As nearly all production equipment comes fitted with a variety of sensors nowadays that control all manner of processes, it would make sense to use them to save energy as well. Although use of artificial intelligence (AI) is still in its infancy in Germany, it holds considerable potential for the future. Let’s imagine, for example, that a connector has been poorly fitted and that this error is leading to problems with the electronics in an entirely different area. The time-consuming troubleshooting process ultimately costs energy as well. AI-controlled technology has the potential to make such errors a thing of the past.

AI is already being used at Mercedes-Benz AG. The MO360 Data Platform that the company co-developed with Microsoft launched in mid-October. Mercedes-Benz is building a network on this cloud platform among its 30 or so international passenger car plants in a bid to make its car production more efficient, more resilient and more sustainable. “If we spot bottlenecks in the supply chain, for example, we can redirect resources to production plants across our entire network so that we can prioritize the manufacture of our low-emission premium products,” said Jörg Burzer, Member of the Board of Management of Mercedes-Benz Group AG.

Drei Mitarbeiter der PKW-Produktion von Mercedes Benz in der Fertigungshalle vor einem BildschirmMercedes Benz AG
With the new, central data platform MO360, teams can instantly analyse and visualise production data.
Mercedes Benz AG

This means no costly production downtimes. And while the actual cars roll off the assembly line in the plants, the teams can use virtual images to monitor production. AI merges the physical and digital worlds together. The positive effect this has is that production processes can be simulated and refined virtually, and optimized processes save energy. The AI-controlled analysis tool is also helping Mercedes to track and optimize its CO2 emissions, energy and water consumption, and waste management.

Tomatoes using biogas to keep warm

Artificial intelligence will also have a role to play at organic farmer Rainer Carstens’ farm in Schleswig-Holstein, Germany. At the startup Naiture founded in 2018, scientists commissioned by Carstens are working on a weeding robot that can tell the difference between carrots and spinach, for example, and undesirable weeds, and will be able to undertake some of the manual labor normally carried out by harvest workers.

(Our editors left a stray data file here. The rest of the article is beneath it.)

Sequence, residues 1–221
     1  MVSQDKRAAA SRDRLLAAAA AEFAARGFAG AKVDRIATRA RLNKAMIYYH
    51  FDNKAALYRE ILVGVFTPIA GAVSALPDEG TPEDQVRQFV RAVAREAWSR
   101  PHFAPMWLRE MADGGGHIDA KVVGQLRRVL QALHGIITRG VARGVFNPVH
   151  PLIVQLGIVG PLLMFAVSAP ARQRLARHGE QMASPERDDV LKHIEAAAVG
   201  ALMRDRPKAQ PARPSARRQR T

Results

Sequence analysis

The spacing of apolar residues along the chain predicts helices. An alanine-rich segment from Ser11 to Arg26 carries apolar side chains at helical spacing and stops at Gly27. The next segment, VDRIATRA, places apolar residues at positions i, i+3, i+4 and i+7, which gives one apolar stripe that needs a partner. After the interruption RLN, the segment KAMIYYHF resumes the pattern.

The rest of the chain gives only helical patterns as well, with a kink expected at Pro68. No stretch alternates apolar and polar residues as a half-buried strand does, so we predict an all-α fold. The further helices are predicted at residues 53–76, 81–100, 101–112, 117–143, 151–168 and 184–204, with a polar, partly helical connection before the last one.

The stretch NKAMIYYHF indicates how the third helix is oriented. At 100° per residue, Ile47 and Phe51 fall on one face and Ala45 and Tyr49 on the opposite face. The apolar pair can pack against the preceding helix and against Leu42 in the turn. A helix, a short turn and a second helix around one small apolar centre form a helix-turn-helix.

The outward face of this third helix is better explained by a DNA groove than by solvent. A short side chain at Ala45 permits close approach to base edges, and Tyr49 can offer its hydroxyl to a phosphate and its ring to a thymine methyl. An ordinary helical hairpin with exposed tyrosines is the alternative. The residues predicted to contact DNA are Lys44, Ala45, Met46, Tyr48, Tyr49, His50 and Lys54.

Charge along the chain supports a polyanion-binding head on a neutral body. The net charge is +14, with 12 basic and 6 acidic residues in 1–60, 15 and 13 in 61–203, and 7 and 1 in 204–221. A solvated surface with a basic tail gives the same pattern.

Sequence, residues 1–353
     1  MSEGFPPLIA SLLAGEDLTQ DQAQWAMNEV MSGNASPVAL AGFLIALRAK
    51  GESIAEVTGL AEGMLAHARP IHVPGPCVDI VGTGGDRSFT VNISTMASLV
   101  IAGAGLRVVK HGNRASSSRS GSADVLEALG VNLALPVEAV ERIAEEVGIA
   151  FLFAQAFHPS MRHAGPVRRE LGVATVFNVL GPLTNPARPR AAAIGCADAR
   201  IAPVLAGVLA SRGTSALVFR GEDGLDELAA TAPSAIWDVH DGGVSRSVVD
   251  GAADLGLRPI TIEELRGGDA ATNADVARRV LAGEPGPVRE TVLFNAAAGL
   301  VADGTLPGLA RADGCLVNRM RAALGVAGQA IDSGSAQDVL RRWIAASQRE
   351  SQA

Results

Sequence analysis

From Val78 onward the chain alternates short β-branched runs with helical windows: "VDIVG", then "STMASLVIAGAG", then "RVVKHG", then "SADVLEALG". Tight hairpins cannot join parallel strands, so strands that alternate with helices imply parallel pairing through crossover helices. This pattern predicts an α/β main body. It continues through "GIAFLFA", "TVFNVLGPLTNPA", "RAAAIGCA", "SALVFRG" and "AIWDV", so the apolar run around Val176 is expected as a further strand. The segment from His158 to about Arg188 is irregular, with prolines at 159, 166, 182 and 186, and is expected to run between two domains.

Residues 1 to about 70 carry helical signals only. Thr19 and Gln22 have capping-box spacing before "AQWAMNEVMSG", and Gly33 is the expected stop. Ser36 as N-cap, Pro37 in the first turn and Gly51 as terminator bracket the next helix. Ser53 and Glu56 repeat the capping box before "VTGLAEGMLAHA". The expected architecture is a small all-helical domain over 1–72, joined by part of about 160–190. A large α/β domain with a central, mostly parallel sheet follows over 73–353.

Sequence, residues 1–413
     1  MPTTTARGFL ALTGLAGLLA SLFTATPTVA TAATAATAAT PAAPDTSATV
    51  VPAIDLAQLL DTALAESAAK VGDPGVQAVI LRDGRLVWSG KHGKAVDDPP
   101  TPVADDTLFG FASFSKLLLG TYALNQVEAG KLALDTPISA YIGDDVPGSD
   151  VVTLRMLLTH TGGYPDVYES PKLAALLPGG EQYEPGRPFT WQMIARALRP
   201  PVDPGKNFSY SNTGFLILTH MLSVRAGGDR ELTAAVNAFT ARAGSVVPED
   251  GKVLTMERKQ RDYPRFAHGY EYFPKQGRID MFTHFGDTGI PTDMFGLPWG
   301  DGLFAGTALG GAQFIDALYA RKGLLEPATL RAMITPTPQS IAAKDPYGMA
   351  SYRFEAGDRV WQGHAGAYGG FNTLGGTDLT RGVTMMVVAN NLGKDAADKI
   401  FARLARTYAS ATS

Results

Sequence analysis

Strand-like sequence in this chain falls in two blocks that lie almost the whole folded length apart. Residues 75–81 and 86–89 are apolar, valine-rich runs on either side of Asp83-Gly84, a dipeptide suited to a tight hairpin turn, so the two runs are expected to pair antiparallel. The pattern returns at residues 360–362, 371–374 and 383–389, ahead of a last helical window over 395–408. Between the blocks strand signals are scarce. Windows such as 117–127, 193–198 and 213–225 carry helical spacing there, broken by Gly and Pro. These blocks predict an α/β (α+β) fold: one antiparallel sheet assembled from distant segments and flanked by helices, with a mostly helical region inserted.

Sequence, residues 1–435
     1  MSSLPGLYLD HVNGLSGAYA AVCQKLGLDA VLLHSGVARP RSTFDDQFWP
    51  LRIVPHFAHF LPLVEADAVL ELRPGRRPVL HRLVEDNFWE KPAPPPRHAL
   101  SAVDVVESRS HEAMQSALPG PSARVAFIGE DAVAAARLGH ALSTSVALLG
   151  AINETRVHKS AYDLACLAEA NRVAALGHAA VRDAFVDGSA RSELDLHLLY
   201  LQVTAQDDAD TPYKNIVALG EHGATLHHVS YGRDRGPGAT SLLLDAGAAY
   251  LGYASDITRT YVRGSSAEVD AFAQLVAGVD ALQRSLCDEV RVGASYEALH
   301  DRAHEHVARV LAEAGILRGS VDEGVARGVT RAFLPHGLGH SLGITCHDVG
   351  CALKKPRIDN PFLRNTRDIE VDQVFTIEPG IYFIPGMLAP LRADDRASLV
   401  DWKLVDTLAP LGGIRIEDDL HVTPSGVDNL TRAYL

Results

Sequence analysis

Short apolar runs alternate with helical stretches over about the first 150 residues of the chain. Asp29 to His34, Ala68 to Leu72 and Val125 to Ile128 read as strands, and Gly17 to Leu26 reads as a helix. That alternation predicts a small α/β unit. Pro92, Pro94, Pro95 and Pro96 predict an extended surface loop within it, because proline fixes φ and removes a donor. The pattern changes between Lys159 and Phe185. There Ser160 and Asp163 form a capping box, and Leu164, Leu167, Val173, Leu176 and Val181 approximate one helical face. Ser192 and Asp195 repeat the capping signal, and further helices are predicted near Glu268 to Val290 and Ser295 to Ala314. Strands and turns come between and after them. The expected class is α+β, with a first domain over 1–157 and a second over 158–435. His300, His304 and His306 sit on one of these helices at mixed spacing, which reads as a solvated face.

Westhof Bio

Organic farmer Rainer Carstens pictured in front of his biogas plant, which heats a 4-hectare greenhouse.

Landwirt Rainer Carstens steht vor seiner Biogas-Anlageagrarheute

Rainer Carstens has been an organic farmer since 1989. “I’ve always had the drive to be sustainable, use our precious resources sparingly, and leave behind fertile and healthy land for my children.“ His original 100 hectares has now grown to over 1,000 hectares. He works this land with his company, Westhof Bio Group, according to Demeter and Bioland organic farming standards. On his land in Dithmarschen, he grows grains, cabbages and vegetables like carrots and peas, most of which are delivered to retailers or processed at his own organic freezing company.

Carstens also owns two of the largest organic greenhouses in Germany, which house 10 hectares of thriving tomatoes and peppers. The farm has its own biogas plant, which supplies the energy for this. It is “fed” with organic ferment, and the gases generated are converted into electricity in the combined heat and power plant. Carstens’ higher aim is to make his business entirely energy-neutral at some point. “We’re in the process of building a new organic freezing facility with a large-scale battery-storage system. When it’s up and running at the end of 2023, we will have nearly reached our goal!“ In recognition of his dedication and his unique energy and nutrient cycle, the magazine agrarheute recently presented him with the Ceres Award for “Energy farmer of the year.”